Last Sunday, The National Football League season reached its zenith as the New England Patriots played the Los Angeles Rams in the fifty-third annual Super Bowl. The Mercedes-Benz Stadium in Atlanta was the stage for the lowest-scoring Super Bowl in history, as the Patriots ground out a 13-3 victory.
This season’s finale was notable for the coaches leading their teams from the side-lines. Either Bill Belichick, coach of the Patriots for his 19th season, would become the oldest coach to ever lift the Lombardi trophy at 66, or LA Ram’s Sean McVay the youngest, at just 33. Belichick’s ruthless stoicism also contrasted with McVay’s more free-flowing zeal. It was a generational battle of coaching philosophy.
The Patriots appeared in their third Super Bowl in as many seasons, and had to labour to get there. Early struggles brought two losses in their first three games, and questions regarding the end of New England’s dominance began to be asked. However, these questions were assertively answered as the Pat’s won ten of their remaining 13 regular season games, before defeating the Los Angeles Chargers and Kansas City Chiefs to book their place in Atlanta.
Conversely, the Rams took the league by storm, winning their first eight games, averaging a tantalising thirty-three points per game. In the playoffs, they bested the Dallas Cowboys before squeaking by the New Orleans Saints thanks to controversial refereeing late in the game.
The unforgiving nature of the Patriots, the expansive playstyle of the Rams and refereeing, which increasingly encouraged offense, led many to believe a free-scoring shootout would commence on Sunday, but what transpired was just the opposite. In an extremely defensive first half, just a solitary field goal was scored, by Stephen Gostkowski, and the Patriots led just 3-0 at half-time. As this defensive dominance persisted in the second half, the Rams managed to eventually level the scores through a Greg Zuerlein field goal. It wasn’t until halfway through the fourth quarter that the Patriots managed to break down a Ram’s defence led by Defensive Player of the Year Aaron Donald, as veteran quarterback Tom Brady connected with tight-end Rob Gronkowski, completing a twenty-nine-yard pass down to the Ram’s two-yard line. Running-back Sonny Michel battered his way through the goal line a play later, pulling the Patriots into a 10-3 lead. Stephon Gilmore intercepted a pass from Ram’s quarterback Jared Goff moments later, setting up another field goal for the Patriots which put the game out of reach and secured the championship title for the Patriots.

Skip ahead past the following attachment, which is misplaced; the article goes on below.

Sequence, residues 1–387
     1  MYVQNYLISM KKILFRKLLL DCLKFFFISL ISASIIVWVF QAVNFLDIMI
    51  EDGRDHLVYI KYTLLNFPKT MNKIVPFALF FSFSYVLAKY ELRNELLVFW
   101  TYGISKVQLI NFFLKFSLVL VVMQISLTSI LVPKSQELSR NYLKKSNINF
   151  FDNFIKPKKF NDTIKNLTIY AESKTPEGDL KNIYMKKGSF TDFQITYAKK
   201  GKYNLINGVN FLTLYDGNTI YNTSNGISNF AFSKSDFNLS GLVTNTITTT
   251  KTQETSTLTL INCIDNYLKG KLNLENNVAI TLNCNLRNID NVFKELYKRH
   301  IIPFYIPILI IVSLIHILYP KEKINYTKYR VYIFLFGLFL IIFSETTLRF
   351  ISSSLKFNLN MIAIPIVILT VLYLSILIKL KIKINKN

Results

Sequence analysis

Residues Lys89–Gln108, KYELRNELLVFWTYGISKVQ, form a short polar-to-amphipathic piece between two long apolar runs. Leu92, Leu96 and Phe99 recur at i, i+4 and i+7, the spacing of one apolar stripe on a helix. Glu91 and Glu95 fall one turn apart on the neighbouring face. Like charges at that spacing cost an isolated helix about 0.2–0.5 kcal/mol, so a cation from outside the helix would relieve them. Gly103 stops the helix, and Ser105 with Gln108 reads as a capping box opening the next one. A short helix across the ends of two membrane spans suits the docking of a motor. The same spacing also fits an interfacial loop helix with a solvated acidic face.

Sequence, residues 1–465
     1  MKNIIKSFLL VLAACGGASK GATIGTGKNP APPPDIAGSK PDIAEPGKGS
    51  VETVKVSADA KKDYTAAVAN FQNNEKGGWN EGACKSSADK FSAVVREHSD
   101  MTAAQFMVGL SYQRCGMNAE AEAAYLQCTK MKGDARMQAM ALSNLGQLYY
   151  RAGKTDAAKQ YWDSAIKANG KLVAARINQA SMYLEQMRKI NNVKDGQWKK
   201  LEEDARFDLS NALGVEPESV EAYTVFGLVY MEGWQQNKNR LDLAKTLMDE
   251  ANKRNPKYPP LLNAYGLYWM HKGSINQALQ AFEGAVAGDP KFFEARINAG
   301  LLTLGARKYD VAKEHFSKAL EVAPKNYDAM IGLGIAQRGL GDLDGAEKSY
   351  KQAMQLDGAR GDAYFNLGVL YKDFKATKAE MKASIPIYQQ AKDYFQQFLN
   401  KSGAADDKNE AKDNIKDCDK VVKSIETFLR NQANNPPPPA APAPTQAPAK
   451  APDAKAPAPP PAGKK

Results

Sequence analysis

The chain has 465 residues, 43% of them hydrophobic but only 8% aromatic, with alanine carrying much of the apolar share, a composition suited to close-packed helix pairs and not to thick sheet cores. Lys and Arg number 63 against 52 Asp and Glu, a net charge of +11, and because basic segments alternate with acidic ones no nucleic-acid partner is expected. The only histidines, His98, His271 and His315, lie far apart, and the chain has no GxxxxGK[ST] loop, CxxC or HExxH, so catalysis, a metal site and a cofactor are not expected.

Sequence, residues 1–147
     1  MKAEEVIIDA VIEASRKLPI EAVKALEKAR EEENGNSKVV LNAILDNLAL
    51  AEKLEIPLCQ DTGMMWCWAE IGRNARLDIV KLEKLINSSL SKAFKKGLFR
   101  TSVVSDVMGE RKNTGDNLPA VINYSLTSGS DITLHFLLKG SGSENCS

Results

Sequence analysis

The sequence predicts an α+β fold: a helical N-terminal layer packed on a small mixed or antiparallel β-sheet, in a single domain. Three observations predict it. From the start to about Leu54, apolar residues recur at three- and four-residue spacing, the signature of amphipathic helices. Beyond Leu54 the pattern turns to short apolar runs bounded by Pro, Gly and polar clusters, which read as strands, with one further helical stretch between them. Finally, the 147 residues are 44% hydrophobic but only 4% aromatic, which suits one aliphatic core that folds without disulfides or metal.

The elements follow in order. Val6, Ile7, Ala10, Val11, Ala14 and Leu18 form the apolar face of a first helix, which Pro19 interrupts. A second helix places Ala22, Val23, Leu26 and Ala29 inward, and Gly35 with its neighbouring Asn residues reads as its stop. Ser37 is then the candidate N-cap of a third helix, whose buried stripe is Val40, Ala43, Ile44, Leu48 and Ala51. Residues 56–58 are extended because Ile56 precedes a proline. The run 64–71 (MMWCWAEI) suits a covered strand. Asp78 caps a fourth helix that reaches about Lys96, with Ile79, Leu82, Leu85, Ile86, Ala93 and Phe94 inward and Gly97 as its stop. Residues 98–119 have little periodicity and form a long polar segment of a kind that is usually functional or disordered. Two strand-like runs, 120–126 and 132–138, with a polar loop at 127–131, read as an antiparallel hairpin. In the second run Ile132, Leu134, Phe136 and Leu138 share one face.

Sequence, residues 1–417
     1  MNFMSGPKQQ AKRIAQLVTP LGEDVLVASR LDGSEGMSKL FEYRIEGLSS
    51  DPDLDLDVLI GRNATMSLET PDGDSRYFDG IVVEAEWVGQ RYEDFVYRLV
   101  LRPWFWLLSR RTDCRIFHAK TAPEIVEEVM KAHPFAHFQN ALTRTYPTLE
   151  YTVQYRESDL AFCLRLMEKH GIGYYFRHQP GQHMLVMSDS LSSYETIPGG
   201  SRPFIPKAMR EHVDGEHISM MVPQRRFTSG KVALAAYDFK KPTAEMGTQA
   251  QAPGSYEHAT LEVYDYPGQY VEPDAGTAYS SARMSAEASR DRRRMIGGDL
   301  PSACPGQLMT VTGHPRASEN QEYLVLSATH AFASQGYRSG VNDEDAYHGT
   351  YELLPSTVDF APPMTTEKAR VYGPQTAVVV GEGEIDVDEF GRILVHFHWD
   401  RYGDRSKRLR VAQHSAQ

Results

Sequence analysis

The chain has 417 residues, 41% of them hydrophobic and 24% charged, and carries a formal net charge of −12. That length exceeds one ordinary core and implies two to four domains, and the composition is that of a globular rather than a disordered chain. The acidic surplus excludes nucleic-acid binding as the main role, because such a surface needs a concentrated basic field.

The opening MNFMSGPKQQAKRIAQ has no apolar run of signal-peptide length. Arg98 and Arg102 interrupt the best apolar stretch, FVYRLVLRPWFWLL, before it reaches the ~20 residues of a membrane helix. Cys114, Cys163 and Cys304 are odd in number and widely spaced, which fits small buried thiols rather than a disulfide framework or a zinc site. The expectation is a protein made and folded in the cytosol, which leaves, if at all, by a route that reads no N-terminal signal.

The Super Bowl is always a global event, watched not only by fans of American football but also many others. Yet as an advert for the sport, this Super Bowl was a tough sell.
There was little scoring, and the few ‘big’ moments were shows of defensive brilliance, generally considered less exciting and less marketable. The game was, however, a perfect advert for the way the NFL tends to unfold, and that’s with Tom Brady and the Patriots victorious.
Their ninth Super Bowl appearance in eighteen years, and sixth which ended in victory. In a league with a salary cap and a draft system designed for parity and competition, this is obscene. Quarterback and talisman Tom Brady has been present for all this success and has now undoubtedly confirmed that he is the greatest player to ever play the game. Selected 199th in the 2000 NFL draft, Brady boasts almost two decades amongst the league’s elite and moved ahead as the only player to ever win six Super Bowls last Sunday night.
Brady’s exceptional quality is matched only by his endurance. He will be 42 by the time the 2019 season begins, and shows no signs of slowing down, vowing to play until he is 45. If it were anybody else, you’d simply laugh. But with Tom Brady, you wouldn’t dare.
Brady has quashed his critics and he, alongside the Patriots, will go down in history as the greatest to grace the turf.
Image: Keith Allison via Flickr